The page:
Essie Fox. The Virtual Victorian
Essie Fox is the author of the ‘Somnambulist’ and the forthcoming ‘Elijah’s Mermaid’ both set in the Victorian age and brimming with dark deeds and melodrama. She also has a blog ‘The Virtual Victorian‘.
The book seems to have the flavour of a Victorian sensation novel. Was this deliberate?
Yes, absolutely. When I studied English Literature at university, the module I enjoyed the most was ‘The Victorian Novel’, especially the feverishly thrilling narratives produced by the Sensation writers.
That interest continues to this day, with many of the genre’s audacious themes woven into my Neo-Victorian novels – even though the initial plan had been to construct a contemporary story (albeit with a ghost or two who once lived in the Victorian age.) But, once the process of writing began I felt comfortable, more natural in style, in the past. The historical research was exciting. And, as far as my central character went, well, the prospect for ignorance and physical alienation was more credibly achieved by placing her in the nineteenth century.
You seem to be firmly rooted in the Victorian era. What is the fascination of that era for you?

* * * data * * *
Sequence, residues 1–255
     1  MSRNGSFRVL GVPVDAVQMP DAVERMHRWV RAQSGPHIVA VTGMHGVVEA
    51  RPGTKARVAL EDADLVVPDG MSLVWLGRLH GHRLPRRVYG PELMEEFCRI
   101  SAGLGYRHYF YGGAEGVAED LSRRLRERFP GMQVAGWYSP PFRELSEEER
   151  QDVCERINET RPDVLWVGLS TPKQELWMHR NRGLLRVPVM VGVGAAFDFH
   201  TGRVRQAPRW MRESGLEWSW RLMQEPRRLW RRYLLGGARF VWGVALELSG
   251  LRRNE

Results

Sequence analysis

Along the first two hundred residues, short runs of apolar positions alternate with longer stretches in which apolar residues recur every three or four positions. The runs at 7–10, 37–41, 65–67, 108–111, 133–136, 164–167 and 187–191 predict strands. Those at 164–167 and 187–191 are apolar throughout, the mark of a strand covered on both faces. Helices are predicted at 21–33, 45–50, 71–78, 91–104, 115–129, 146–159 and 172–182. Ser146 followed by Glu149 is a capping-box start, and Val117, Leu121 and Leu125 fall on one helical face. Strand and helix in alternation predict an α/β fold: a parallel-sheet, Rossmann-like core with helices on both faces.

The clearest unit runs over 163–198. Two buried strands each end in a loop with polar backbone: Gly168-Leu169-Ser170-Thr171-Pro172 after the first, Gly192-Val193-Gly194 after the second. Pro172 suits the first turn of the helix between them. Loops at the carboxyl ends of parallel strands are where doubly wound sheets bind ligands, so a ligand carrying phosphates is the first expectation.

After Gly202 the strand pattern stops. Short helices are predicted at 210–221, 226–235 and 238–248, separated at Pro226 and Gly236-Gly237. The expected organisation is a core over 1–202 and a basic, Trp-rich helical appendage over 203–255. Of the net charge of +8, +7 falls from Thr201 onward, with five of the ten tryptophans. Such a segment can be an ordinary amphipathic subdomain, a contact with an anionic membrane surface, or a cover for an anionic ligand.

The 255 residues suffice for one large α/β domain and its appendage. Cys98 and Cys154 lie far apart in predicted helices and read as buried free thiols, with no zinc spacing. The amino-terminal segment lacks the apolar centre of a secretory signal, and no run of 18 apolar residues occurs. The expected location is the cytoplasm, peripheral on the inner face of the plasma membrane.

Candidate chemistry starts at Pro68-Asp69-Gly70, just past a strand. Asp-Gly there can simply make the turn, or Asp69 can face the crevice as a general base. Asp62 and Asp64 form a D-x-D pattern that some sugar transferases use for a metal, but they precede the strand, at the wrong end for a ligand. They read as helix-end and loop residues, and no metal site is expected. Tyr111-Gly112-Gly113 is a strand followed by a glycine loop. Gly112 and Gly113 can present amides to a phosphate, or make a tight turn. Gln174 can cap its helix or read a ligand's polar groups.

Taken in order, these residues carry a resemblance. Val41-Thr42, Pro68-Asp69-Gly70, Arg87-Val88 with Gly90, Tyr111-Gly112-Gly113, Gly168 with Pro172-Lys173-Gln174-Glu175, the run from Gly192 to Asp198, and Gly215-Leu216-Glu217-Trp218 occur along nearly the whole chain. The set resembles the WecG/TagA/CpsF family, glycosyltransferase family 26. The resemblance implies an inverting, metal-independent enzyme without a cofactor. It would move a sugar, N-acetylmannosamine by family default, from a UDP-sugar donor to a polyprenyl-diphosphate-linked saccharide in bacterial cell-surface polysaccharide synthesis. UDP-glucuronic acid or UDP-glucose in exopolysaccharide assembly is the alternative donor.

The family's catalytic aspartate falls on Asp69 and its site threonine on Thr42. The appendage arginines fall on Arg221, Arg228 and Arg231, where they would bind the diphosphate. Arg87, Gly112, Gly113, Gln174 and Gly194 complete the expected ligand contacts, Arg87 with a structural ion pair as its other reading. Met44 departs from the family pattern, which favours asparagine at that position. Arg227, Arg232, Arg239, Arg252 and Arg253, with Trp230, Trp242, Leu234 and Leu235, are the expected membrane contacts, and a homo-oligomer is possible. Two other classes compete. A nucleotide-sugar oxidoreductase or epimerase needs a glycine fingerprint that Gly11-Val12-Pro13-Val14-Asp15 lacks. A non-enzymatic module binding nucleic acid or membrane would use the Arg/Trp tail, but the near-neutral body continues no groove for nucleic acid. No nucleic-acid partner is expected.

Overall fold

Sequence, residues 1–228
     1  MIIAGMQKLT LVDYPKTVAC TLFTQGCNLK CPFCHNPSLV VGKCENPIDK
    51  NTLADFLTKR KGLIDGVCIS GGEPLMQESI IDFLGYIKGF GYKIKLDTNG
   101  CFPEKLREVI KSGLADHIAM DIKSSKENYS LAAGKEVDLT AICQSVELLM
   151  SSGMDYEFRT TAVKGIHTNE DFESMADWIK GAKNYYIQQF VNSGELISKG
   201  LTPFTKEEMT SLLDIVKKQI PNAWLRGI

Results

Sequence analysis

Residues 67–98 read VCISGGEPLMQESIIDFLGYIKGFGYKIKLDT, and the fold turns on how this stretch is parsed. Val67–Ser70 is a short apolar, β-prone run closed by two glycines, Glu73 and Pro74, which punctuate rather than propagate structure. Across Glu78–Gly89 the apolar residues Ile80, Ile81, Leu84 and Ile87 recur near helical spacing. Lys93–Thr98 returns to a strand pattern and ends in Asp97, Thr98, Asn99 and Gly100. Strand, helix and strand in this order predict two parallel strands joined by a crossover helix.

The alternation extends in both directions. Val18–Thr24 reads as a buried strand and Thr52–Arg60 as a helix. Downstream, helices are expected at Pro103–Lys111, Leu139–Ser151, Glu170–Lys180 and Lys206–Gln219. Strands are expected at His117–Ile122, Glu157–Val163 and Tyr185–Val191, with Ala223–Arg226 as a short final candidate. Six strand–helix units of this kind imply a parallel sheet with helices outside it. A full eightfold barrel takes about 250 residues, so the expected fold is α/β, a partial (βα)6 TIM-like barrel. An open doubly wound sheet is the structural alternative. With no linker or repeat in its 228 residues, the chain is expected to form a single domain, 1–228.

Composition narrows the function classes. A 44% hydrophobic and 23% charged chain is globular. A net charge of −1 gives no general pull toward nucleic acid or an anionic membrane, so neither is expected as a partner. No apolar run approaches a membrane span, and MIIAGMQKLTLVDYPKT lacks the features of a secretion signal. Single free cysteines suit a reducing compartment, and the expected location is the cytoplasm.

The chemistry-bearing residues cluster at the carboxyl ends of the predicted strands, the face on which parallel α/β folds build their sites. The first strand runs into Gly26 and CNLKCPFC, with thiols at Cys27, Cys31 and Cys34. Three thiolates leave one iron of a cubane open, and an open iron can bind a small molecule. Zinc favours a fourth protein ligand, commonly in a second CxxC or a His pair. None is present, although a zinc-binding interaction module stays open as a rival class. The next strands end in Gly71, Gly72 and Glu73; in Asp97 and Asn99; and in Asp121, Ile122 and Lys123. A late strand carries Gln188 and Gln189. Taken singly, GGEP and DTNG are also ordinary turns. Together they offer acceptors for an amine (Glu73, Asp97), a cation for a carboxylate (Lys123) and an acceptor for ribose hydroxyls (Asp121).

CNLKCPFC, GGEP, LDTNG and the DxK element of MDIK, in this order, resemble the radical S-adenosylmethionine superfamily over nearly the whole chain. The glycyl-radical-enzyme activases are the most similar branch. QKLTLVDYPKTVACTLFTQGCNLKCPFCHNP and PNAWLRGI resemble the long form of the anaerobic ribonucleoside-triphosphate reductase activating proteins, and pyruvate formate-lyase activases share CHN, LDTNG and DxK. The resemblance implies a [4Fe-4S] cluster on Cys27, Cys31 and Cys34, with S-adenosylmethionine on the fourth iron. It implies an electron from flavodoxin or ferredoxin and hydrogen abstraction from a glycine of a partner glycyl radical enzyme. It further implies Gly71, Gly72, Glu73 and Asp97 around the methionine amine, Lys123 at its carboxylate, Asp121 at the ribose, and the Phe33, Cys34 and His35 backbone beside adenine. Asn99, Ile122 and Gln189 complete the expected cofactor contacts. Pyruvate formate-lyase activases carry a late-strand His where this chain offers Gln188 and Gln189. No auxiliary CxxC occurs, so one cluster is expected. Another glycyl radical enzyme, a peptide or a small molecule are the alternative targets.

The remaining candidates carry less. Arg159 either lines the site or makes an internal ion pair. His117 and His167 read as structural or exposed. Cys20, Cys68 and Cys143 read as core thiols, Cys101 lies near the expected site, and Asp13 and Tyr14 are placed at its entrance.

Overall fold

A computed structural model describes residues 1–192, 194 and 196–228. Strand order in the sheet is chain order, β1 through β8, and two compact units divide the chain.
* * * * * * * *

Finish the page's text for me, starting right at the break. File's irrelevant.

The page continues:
I believe that my fascination for the era stems back to when I was very young, when my connection to the Victorian world would have been through the old black and white films so often televised on Sunday afternoons. I remember the rain lashing at the window, snuggling up to my mother’s side on the sofa and watching the flickering murky worlds of ‘Fanny by Gaslight’, or ‘Wuthering Heights’ – all the threat and passion and darkness that I now hope to emulate.
Another experience from my youth, and one which firmly established my interest in Victorian times, was exploring the house where my grandmother lived: what had once been a Victorian coaching inn, in a market town in Herefordshire. I would enter the old ballroom (by then used for storing sacks of grain and agricultural machinery – all the stock of my grandfather’s trade) and stand upon the small dais, or stage, with its tall marble columns either side, between which an orchestra once would have played. I loved to imagine the dancers who once whirled around the floor, to hear the swishing brush of silk, and the hissing of gas lit chandeliers – whereas, in my reality, what was left of the crystal chandeliers now dripped with nothing but spider’s webs.